Yet if we were to frame our efforts only in terms of being against the state’s usurpation of the parental role, we would accomplish nothing of consequence. We must create a positive alternative, a new parental model that displaces the state as a preferred guardian for kids whose parents have failed them, sometimes—and almost always in the case of parricides—abominably.

Beginning with Derek and Alex King in 2003, we created our first trust fund to act as a responsible and loving parent might. The original purpose of the King Brothers Trusts was restricted to creating funds to facilitate their prison-to-freedom transitions—you know, for things like tuition, housing, transportation, etc. But we quickly learned that Derek and Alex needed advocacy and support while they were still incarcerated under the state’s authority. We have since realized that Derek and Alex will also need specialized support long after they create independent lives for themselves—services not so they will remain dependent on us, but so they might be liberated from the restrictions on their freedoms and opportunities that would otherwise hobble them all through their lives.

The heartless way that the state of Florida has derailed Alex’s progress provides ample  proof of the state’s bad intentions.

I have to tell you, I would certainly lose heart were it not for you. You are my angels. Your support lifts me up each day, and I am inspired by your creative spirit. You free me from the chains which constrain me so that I can address our mission of unconditional lifelong support to these kids who need us.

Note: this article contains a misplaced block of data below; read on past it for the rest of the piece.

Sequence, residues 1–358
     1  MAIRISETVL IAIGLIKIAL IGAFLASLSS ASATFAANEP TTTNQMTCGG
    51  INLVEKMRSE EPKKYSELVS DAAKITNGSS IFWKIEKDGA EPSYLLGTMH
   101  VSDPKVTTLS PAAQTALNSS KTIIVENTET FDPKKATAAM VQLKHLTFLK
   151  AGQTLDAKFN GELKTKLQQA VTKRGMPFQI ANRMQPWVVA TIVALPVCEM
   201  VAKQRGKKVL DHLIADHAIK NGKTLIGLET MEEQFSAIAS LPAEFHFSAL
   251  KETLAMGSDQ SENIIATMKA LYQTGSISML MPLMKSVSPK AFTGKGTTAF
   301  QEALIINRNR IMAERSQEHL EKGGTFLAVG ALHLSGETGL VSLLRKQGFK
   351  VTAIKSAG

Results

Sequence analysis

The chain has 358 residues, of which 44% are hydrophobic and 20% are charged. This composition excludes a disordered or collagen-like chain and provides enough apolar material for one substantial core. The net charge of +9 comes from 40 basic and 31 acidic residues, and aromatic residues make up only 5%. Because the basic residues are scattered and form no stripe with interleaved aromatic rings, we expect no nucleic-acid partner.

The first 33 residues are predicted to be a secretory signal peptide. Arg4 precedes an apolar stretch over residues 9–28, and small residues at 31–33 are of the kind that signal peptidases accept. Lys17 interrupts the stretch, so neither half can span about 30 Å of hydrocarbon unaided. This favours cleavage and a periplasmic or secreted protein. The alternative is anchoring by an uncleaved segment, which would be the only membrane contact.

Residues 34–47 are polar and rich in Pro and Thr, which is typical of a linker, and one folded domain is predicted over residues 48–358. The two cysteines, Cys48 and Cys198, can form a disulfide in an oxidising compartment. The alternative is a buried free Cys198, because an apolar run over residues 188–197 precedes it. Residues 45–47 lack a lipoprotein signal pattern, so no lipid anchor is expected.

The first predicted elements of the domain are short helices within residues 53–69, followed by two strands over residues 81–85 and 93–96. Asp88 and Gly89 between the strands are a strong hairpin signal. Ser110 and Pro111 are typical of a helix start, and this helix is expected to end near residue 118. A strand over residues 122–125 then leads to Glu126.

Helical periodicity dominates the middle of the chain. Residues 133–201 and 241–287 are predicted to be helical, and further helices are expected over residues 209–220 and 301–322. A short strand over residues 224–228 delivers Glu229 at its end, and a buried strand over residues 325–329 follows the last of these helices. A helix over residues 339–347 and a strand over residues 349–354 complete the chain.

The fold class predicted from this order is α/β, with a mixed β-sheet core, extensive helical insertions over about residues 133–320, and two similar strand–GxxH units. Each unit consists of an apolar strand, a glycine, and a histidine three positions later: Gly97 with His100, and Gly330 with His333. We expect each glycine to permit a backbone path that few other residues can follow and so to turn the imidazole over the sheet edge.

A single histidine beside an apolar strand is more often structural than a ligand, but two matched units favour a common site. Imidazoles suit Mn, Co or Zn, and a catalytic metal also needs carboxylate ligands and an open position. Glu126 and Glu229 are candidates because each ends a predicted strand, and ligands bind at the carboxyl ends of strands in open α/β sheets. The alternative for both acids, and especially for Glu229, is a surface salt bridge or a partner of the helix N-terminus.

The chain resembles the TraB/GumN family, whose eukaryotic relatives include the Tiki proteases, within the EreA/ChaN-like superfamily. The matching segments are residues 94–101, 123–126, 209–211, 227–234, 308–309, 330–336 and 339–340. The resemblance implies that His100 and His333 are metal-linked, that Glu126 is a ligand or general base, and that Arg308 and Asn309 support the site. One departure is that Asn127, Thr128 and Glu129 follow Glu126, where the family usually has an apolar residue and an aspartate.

For example, there is an “Aussie Gang” in Melbourne that sends a fixed amount of money each month for Alex and James. This is an intergenerational group of youthful men and women, including boys and girls, who have attached themselves to £ance, a guy my age who is also an accountant, church organist, and part-time equipment manager for one of Australia’s professional football clubs. I don’t know exactly how they put the money together (everybody chips in), but every month, regular as sunrise, the Aussie Gang sends us an amount of money sufficient to meet basic phone and commissary requirements for Alex and James. I feel such gratitude for £ance, Aub, Stephen, Anthony, Cliff, Tyler, Kristian, Jorden, Steffy, Helen, Steven, and Josh—you can’t know what a burden your efforts lift from my tired shoulders, and what assurance your help provides!

Then there is a man named John in northern Indiana, who has been selling surplus items he owns and is sending the proceeds to Paul Henry Gingerich’s trust fund. A couple weeks ago he sold a lawnmower, and now he’s just sold a watch. Yesterday I received a check and a letter from him in which he outlined some ideas for organizing volunteers to do more than just sending money. We will be talking soon.

There’s Sharron, an Arkansas great-grandmother, who has adopted Alex King as one of her brood (which numbers well over twenty—“So what’s one more?” she says). Sharron prides herself on never missing a son’s or daughter’s or grandchild’s birthday, or providing extra help whenever it’s needed. She calls me from time to time for updates on Alex’s well-being, and attends to him as faithfully as if he were her own grandson. She always gives me a piece of advice to pass on, and I always do.